Infinite Loop 2: “Is My Mac Just a Machine and Does It Matter? Part One.”

In Infinite
Loop 1
we examined the claim, made some by
PC users, that the loyalty some of us show the
Mac is ill-founded because it is after all “just
a machine.” This strikes us as rather interesting.
Why should attachment to the Mac be any different
than attachments persons have to other kinds of
artifacts? About a year ago I lost my wedding
ring. We rented a metal detector, we dug up the
yard, we even burned off the grass looking for
it. It meant a great deal to us to find it. Yet
using the same logic as PC users this was a waste
of time. My wedding ring, after all, is just a
piece of metal. Such heirlooms are only one example
of being attached to something nonhuman.

The claim also strikes us as vague
(and philosophers seek clarity). So we will disambiguate
it. We will examine several possible interpretations
of what a “machine” is and show that for each
interpretation the conclusion does not follow.
Each interpretation is designed to establish the
following conclusion: That the sometimes strong
emotional attachments and loyalty some have to
the Mac are ill-founded. Does claiming that the
Mac is just a machine establish this conclusion?
We think not. In fact, at least three reasons
people give for forming attachments to artifacts
like wedding rings and art are also made for the
Mac, namely, beauty, utility and symbolism. I
will explain these below, and go into more detail
next week

Consider this article combat training.
When you are defending the Mac someone is sure
to say to you, “it’s just a machine.”
If we are right in this article then this claim
turns out to be nothing but an abusive ad hominem,
an insult with no intellectual backing. Take the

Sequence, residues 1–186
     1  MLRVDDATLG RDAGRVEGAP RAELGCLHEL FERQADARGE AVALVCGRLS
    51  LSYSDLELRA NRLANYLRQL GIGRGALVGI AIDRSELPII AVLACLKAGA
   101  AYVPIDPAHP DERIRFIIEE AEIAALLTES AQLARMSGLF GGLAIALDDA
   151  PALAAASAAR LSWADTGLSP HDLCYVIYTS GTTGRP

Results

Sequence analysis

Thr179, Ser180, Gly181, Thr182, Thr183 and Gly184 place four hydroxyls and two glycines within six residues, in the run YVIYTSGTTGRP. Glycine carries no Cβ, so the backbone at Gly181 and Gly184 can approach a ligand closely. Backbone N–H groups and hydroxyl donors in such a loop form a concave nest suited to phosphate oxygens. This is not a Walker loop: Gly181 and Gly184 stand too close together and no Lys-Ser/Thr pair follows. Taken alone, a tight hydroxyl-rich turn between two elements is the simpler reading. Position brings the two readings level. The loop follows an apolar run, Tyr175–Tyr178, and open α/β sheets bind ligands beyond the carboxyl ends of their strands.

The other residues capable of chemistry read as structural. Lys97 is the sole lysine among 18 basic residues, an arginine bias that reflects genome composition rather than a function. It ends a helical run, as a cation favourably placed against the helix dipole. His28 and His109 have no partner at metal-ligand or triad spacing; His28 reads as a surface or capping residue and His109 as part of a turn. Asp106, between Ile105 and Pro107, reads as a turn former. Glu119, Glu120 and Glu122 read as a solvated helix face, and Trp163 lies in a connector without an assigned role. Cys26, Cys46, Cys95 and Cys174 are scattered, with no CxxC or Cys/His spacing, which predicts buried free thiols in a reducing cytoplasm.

offensive and ask, “What do you mean by a
machine?” Very few will be able to answer
this question in any informed way, and they should
walk away in shame. But if they do not, then there
is a finite number of responses to this question.
I list them below. Take them to heart and you
will silence anyone who makes this claim. (Of
course anyone that makes this claim may not understand
the points below either.)

It Depends on What You Mean by “Machine”

So when someone says, “it’s just
a machine,” what can she mean? Well, it all depends
on what she means by “machine.” There are four
possible interpretations. Each fails to justify
the conclusion.

Interpretation 1: The artifact
interpretation. The Mac is just a machine means
the Mac is merely a human artifact. A human artifact
is anything that is man-made, e.g., a car, a house,
a painting or a computer. These stand in contrast
to natural things like trees, oceans and electrons.
Thus the argument is that attachments and loyalty
are ill-founded if placed upon a human artifact,
upon something man-made.

But think about this. Persons have
attachments to human artifacts all the time. Here
are a few artifacts persons have strong attachments
to: a car, clothing, a photograph, a house, a
movie, a book, a work of art, a song or a heirloom
of some kind. Think of some artifact you value.
Now think how you would feel if you lost it. We
bet you would feel like I did when I lost my wedding
ring. The point is that merely assuming that the
Mac is a human artifact (and it is after all),
does not justify the conclusion that attachment
and loyalty to it are ill- founded. It is a rather
everyday occurrence in fact.

But why do people become attached
to artifacts? The wedding ring example gives us
a hint. It was not the wedding ring per se but
what it symbolizes which made it valuable for
us. Some artifacts, likes works of art (which
are artifactual if anything is), are valued because
of their beauty. These are only two reason persons
form attachments to artifacts though. There is
another, namely utility.

Interpretation 2: The utilitarian
interpretation. The Mac is just a machine means
the Mac is merely a means to an end, and attachment
and loyalty to it deters from its higher ends.
In other words, the Mac is a machine means the
Mac is just a tool or instrument, where “tool”
and “instrument” are understood as anything
which helps us manipulate the world or do a job.
After all, it is argued, one might be attached
to the spice rack he makes his wife but certainly
not to the hammer he used to make it, for it was
serving greater ends to which it was only a means.
So the argument is that attachment and loyalty
are ill founded if placed on means, tools or instruments
and not their ultimate ends.

If understood right, “attachment
and loyalty are ill-founded if placed on a tool
or instrument” just means “attachment
and loyalty are ill-founded if placed on a means
to X rather than X itself.” But again, there
are many examples where this breaks down. For
most things are both means and ends. For example,
a delicious meal tastes good and curbs hunger,